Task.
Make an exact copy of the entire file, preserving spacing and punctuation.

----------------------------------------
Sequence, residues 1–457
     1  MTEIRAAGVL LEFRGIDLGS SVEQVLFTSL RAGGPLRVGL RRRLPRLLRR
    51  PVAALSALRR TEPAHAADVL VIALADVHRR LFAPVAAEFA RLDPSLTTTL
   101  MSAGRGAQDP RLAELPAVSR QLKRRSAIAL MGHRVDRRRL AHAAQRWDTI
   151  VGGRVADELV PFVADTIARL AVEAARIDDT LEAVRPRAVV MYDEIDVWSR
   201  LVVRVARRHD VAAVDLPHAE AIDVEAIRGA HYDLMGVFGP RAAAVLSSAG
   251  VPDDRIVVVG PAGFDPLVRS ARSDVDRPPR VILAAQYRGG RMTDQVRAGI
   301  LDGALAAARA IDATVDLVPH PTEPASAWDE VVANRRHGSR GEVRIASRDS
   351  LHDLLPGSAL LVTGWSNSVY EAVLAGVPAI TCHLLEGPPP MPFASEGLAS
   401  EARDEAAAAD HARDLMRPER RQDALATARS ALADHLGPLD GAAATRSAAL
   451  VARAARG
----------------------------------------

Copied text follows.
Sequence, residues 1–457
     1  MTEIRAAGVL LEFRGIDLGS SVEQVLFTSL RAGGPLRVGL RRRLPRLLRR
    51  PVAALSALRR TEPAHAADVL VIALADVHRR LFAPVAAEFA RLDPSLTTTL
   101  MSAGRGAQDP RLAELPAVSR QLKRRSAIAL MGHRVDRRRL AHAAQRWDTI
   151  VGGRVADELV PFVADTIARL AVEAARIDDT LEAVRPRAVV MYDEIDVWSR
   201  LVVRVARRHD VAAVDLPHAE AIDVEAIRGA HYDLMGVFGP RAAAVLSSAG
   251  VPDDRIVVVG PAGFDPLVRS ARSDVDRPPR VILAAQYRGG RMTDQVRAGI
   301  LDGALAAARA IDATVDLVPH PTEPASAWDE VVANRRHGSR GEVRIASRDS
   351  LHDLLPGSAL LVTGWSNSVY EAVLAGVPAI TCHLLEGPPP MPFASEGLAS
   401  EARDEAAAAD HARDLMRPER RQDALATARS ALADHLGPLD GAAATRSAAL
   451  VARAARG